Analyses of a large retail scanner price data set reveal a new and surprising regularity - small price increases occur more frequently than small price decreases for price changes of up to 10¢. That is, we find asymmetric price adjustment "in the small." Furthermore, it turns out that inflation offers only a partial explanation for the finding. Indeed, substantial proportion of the asymmetry remains unexplained, even after accounting for the inflation. For example, the asymmetry holds also after excluding periods of inflation from the data, and even for products whose price had not increased. The findings hold for different aggregate and disaggregate measures of inflation and also after allowing for lagged price adjustments.
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We are grateful to the anonymous referee and the editor Robert King for constructive comments and suggestions. In addition, we thank the participants and especially the discussants, Stephen Cecchetti at the November 2004 NBER Monetary Economics Program meeting and Judith Chevalier at the January 2002 North American Meeting of the Econometric Society, for useful and constructive comments. We are grateful also to Gershon Alperovich, Ignazio Angeloni, Larry Ball, Bob Barsky, Susanto Basu, David Bell, Leif Danziger, Martin Eichenbaum, Ben Friedman, Xavier Gabaix, Vitor Gaspar, Wolter Hassink, Peter Karadi, Anil Kashyap, Miles Kimball, Ed Knotek, Jurek Konieczny, Saul Lach, John Leahy, Dongwon Lee, Andy Levin, Igal Milchtaich, Benoît Mojon, Georg Müller, Monika Piazzesi, Akshay Rao, Adam Reiff, Ricardo Reis, Christina Romer, David Romer, Stephanie Rosenkranz, Avichai Snir, Bent Sorensen, Yossi Spiegel, Dani Tsiddon, Alex Wolman, Yaron Yehezkel, Andy Young, Mark Zbaracki, and Tao Zha for comments and suggestions. In addition we would like to thank the participants at the June 2008 Second International Conference on Small Open Economies in Globalized World at Wilfrid Laurier University, June 2007 conference on “Phillips Curve and Natural Rate Hypothesis” in the Kiel Institute for the World Economy, the May 2006 Second Statistical Challenges in E-Commerce Research Symposium at the University of Minnesota, the January 2005 Tel-Aviv University Conference in Memory of Oved Yosha, the August 2005 World Congress of the Econometric Society at University College London, the November 2005 Workshop on Modeling Pricing Behavior in Macroeconomic Models at the Federal Reserve Bank of Richmond, the December 2005 Second International Meeting on Experimental and Behavioral Economics at the University of Valencia, the June 2004 T.C. Koopmans’ First International Conference on “The Economics of Pricing” at Utrecht University, the June 2002 Marketing Science Conference at the University of Alberta, and the June 2001 Midwest Marketing Conference at the University of Michigan, as well as the seminar participants at Bar-Ilan University, Ben-Gurion University, European Central Bank, Recanati School of Business Administration at Tel-Aviv University, and the University of Minnesota for comments, suggestions, and advice, and Chetan Agarwal, Manish Aggarwal, Ning Liu, Sandeep Mangaraj, and Rishi Modh for excellent research assistance. Daniel Levy gratefully acknowledges the financial support from the Adar Foundation of the Economics Department at Bar-Ilan University. All authors contributed equally. We rotate co-authorship. All errors are ours.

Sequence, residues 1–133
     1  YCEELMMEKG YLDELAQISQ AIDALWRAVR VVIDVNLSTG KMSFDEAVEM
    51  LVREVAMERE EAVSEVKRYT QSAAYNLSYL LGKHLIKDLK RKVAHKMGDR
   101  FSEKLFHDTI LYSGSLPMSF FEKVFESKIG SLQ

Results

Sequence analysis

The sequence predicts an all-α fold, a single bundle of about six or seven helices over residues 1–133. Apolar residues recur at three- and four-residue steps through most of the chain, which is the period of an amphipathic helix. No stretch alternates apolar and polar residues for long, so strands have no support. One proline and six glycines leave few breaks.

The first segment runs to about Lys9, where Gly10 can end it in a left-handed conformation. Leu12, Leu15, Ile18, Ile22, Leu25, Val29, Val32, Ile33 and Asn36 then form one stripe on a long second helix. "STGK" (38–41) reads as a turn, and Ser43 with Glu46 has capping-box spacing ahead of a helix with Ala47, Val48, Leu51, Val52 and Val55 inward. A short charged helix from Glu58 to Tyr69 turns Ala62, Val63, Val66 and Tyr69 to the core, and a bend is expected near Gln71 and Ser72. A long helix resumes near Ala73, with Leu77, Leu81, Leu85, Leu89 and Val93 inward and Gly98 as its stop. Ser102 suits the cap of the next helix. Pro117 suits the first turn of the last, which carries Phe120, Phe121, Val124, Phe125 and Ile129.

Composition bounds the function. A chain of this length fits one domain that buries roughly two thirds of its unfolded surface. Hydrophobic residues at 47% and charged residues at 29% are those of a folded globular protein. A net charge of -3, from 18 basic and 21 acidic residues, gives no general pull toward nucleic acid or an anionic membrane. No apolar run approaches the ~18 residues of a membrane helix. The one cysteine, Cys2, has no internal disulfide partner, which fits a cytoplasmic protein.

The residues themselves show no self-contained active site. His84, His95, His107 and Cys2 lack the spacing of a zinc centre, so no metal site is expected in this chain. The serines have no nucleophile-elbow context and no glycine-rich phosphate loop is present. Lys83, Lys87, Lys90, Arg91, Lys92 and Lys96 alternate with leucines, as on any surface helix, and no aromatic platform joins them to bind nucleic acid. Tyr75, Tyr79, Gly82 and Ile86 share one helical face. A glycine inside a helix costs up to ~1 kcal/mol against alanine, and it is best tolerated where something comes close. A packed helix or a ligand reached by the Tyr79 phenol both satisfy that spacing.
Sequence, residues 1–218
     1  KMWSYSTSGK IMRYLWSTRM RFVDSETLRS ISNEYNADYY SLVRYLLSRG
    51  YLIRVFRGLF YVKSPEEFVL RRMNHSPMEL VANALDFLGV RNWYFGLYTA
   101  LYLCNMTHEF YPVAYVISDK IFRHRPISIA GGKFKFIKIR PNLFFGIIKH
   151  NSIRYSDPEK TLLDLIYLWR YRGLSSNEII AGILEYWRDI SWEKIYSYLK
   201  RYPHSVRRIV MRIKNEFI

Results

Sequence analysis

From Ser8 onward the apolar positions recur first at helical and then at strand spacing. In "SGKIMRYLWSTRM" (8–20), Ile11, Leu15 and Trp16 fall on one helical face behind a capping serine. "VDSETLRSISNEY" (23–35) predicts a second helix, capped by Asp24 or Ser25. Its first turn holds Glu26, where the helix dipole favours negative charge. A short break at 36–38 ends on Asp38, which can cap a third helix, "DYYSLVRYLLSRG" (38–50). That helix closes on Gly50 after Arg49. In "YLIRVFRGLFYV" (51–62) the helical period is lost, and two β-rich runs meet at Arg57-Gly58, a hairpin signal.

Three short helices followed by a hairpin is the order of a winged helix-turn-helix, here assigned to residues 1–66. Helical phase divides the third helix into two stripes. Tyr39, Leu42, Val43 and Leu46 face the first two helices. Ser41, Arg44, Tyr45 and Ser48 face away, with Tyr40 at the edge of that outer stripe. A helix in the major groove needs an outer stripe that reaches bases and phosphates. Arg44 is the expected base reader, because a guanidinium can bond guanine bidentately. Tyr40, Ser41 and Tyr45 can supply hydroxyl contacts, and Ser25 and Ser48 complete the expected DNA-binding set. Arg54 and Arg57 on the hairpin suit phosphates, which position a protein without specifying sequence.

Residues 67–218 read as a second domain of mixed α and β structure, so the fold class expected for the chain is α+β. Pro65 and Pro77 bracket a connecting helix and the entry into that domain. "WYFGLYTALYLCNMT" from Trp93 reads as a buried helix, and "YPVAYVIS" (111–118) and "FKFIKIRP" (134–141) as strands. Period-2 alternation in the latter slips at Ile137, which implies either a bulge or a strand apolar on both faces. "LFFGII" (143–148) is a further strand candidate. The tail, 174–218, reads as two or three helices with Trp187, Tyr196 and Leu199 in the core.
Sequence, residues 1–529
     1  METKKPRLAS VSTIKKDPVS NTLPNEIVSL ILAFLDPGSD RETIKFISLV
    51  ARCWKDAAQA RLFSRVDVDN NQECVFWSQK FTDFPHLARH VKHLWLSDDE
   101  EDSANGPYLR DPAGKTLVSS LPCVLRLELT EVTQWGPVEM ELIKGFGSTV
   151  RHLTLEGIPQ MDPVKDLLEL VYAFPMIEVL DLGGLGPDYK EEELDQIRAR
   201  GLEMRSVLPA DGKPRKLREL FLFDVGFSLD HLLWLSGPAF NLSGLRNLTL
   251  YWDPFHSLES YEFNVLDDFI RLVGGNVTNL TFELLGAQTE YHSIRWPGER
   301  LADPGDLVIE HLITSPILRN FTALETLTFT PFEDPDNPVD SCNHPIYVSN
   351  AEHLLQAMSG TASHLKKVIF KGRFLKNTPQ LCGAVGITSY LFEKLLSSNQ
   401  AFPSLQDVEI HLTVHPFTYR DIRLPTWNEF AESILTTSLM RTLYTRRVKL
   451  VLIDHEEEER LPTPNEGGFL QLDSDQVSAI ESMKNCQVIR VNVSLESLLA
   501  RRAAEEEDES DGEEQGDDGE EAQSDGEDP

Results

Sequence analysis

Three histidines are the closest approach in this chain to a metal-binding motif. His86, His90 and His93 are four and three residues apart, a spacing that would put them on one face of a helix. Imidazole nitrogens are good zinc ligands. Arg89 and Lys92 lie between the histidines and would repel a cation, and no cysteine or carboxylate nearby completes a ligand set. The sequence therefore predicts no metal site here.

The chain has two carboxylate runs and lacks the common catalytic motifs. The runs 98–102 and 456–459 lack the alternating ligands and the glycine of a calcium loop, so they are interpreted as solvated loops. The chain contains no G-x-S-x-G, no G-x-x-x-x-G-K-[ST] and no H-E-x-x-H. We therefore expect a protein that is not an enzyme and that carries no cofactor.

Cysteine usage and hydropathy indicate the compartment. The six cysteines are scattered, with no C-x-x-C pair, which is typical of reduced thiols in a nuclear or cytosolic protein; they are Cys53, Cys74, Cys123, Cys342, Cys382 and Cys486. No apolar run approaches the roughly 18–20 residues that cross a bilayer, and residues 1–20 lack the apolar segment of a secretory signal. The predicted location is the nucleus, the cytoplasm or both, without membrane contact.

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- Asymmetric price adjustment
- Monetary policy
- Price rigidity
- Rational inattention